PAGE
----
It’s a mad dash on Guatemala’s border with Mexico, with migrants scrambling across the Suchiate River on planked inter-tubes, which were also used to ship black market booze and other goods in the other direction.
Central American migrants are rushing to enter Mexico ahead of a security crackdown on the country's southern border following Mexico's announcement that it will accelerate the deployment of troops to its border with Guatemala. pic.twitter.com/UTgbEiq2rZ
— ANews (@anewscomtr) June 14, 2019
“Central American migrants are rushing to enter Mexico ahead of a security crackdown on the country’s southern border following Mexico’s announcement that it will accelerate the deployment of troops to its border with Guatemala,” ANews posted to Twitter with video from the river.
Men standing on pallets strapped to inter-tubes used simple push poles to guide a steady flow of men, women and children carrying backpacks for the long journey north through Mexico, including many from Honduras. The makeshift rafts were then loaded with “black market Corona beer, coffee, and other contraband” and returned to Guatemala, according to the news site.
“Recently, Guatemala began to harden their immigration laws, and they are trying to detain those who are in Guatemala illegally, which is something that you hadn’t seen,” an unidentified migrant told ANews. “So, that means the southern border will be completely closed for immigration.”
The exodus followed the announcement from Mexico’s Foreign Minister Marcelo Ebrard that the country will begin to deploy 6,000 National Guard soldiers to the Guatemalan border as part of a recent agreement with the Trump administration to crack down on rampant migration through the country.
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“Starting from today, and in the coming days, the deployment is going to progress rapidly,” he said at a news conference alongside President Andres Manual Lopez Obrador, according to Reuters.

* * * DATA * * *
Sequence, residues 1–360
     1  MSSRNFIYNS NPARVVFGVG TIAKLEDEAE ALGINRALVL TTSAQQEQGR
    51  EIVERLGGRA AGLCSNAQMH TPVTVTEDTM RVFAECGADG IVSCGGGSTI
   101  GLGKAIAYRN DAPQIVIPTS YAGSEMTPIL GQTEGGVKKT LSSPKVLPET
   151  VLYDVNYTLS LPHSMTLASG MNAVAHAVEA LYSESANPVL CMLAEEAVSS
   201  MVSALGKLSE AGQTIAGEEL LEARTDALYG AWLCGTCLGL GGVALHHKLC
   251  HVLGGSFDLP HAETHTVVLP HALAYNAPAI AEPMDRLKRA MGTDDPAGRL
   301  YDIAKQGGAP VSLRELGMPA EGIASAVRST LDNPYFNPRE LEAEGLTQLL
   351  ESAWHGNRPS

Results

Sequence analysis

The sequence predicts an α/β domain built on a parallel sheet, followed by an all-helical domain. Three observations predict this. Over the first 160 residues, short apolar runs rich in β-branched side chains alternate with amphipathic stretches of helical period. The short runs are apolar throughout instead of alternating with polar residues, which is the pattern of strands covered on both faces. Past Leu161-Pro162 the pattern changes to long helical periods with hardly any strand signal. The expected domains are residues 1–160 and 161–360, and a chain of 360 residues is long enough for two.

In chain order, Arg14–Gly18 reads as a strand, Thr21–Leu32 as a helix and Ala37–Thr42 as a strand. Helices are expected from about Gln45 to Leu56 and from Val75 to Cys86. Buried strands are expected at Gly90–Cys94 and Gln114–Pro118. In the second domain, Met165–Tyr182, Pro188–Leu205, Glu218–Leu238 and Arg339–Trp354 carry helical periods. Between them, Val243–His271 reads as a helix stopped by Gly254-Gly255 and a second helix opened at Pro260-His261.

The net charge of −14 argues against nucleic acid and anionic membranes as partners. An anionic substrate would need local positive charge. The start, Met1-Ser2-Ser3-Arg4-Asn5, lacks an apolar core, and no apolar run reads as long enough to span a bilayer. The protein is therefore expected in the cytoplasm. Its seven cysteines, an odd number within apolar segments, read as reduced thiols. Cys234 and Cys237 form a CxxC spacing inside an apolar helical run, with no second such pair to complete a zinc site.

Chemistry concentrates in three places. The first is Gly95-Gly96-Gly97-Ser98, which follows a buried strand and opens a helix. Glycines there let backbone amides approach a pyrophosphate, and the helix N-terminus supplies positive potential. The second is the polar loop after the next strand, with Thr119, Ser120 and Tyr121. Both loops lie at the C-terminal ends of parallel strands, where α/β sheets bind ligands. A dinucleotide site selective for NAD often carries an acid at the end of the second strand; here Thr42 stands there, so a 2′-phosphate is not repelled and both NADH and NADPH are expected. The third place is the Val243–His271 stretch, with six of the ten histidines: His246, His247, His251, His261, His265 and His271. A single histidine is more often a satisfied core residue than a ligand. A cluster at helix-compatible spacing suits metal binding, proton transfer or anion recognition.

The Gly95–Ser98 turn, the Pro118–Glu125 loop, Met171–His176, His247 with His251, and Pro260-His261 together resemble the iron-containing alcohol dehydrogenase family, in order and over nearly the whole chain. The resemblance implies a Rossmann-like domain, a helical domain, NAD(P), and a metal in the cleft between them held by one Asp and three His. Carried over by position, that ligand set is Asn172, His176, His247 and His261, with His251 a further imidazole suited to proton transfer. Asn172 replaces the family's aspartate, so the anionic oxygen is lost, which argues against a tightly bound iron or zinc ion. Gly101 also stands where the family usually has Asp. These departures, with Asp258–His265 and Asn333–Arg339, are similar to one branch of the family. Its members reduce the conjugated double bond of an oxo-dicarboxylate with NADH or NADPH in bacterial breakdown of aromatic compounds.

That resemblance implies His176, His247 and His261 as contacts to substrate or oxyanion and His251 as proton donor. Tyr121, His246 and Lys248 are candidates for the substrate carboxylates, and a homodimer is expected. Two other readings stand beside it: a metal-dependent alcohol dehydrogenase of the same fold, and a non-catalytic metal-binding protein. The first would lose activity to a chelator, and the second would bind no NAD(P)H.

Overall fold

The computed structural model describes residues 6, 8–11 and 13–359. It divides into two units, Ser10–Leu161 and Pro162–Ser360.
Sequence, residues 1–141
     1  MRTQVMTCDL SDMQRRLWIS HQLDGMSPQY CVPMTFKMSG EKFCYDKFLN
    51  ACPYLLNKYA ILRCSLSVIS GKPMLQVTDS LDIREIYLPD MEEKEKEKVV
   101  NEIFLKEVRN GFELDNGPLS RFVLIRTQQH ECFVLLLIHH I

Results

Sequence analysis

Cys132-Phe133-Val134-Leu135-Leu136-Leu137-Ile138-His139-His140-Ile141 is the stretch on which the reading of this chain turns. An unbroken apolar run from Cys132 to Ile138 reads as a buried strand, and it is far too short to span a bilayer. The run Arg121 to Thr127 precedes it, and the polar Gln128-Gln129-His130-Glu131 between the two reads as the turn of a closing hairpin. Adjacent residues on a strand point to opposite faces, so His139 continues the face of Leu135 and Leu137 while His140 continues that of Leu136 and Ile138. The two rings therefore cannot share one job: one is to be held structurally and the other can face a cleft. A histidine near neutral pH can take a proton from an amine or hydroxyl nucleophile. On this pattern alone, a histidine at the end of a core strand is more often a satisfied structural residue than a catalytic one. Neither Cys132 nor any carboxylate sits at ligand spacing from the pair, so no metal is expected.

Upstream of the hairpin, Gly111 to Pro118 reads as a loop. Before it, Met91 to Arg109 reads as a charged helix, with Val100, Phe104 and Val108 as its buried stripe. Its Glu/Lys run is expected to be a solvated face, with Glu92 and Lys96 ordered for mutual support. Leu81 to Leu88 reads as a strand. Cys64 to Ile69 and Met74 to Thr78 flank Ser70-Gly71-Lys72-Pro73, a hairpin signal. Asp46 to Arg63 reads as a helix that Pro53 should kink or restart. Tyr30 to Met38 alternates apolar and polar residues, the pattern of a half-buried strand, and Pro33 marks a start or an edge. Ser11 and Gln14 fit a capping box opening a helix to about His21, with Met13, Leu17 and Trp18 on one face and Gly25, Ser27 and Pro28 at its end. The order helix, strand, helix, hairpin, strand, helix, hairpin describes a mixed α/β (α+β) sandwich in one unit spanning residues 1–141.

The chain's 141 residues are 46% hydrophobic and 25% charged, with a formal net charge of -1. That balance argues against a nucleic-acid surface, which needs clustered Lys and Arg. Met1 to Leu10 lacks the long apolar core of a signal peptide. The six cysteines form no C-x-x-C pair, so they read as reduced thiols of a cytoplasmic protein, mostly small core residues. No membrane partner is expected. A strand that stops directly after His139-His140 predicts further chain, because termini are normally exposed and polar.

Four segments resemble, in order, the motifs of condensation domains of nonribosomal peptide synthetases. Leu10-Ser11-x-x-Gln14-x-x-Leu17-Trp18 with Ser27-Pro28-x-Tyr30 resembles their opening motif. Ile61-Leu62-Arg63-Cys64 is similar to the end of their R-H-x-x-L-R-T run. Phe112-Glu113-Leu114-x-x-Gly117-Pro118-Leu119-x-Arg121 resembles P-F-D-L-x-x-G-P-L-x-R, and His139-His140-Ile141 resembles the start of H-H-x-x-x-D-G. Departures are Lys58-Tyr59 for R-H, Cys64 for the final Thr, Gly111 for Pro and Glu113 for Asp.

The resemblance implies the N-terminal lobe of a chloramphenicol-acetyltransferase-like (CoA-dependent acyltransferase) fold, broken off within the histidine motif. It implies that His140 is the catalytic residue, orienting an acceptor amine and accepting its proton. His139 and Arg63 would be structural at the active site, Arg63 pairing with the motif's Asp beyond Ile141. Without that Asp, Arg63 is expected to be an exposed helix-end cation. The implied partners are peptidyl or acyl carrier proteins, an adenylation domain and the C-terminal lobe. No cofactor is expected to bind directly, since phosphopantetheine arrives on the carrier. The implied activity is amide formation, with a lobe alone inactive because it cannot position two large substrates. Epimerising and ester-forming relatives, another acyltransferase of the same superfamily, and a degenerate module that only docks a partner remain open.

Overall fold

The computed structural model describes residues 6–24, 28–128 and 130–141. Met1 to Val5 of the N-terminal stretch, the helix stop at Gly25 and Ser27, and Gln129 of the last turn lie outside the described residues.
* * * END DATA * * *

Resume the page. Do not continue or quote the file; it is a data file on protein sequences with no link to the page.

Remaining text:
Trump threatened Mexico with a 5 percent tariff on all imported goods unless leaders agreed to do more to address illegal immigrants flooding through the country and into the United States. Officials estimate well over 1 million illegal immigrants will come across the border to seek asylum in fiscal year 2019. The vast majority are currently released into the country to await adjudication of their claims, which takes years with the severely backlogged immigration court system.
A Reuters photographer reported no visible signs of the Mexican National Guard on Mexico’s southern border as of late Wednesday, though there were plenty of checkpoints staffed by the army, marines and Federal Police. There were also plenty of people still hoping to head north.
“I’m just passing through here because I’m going to the United States,” one migrant waiting in Guatemala told the news service through a translator. “It’s complicated. Too many people cross (the border) here.
“There are a lot of nationalities like Haitians, Colombians, Cubans, Africans. So, too many.”
Aside from increased immigration enforcement, Mexican officials also agreed to allow asylum seekers to wait out their claims in Mexico, rather than the U.S., and President Trump has touted other secret agreements that he plans to unveil when the time is right. An unsigned seven-page draft of a White House agreement obtained by Voice of America news suggests the agreement could be a “safe third country” protocol between the U.S. and Guatemala.
The draft is set to be presented to the government in Guatemala City this week.
Under the terms of the agreement, migrants fleeing persecution in El Salvador and Honduras would be required to seek asylum in Guatemala, a gateway to Mexico and the United States. With few exceptions, those who continue north to the U.S. without testing their chances in Guatemala would be sent back to Guatemala by U.S. immigration authorities.
Mexico has resisted entering a “safe third country” agreement as part of its recent deal with the Trump administration to avoid punishing tariffs. But talks of a regional pact emerged shortly after President Donald Trump revealed he had agreed to terms with Mexico to curb migration levels through increased Mexican enforcement.
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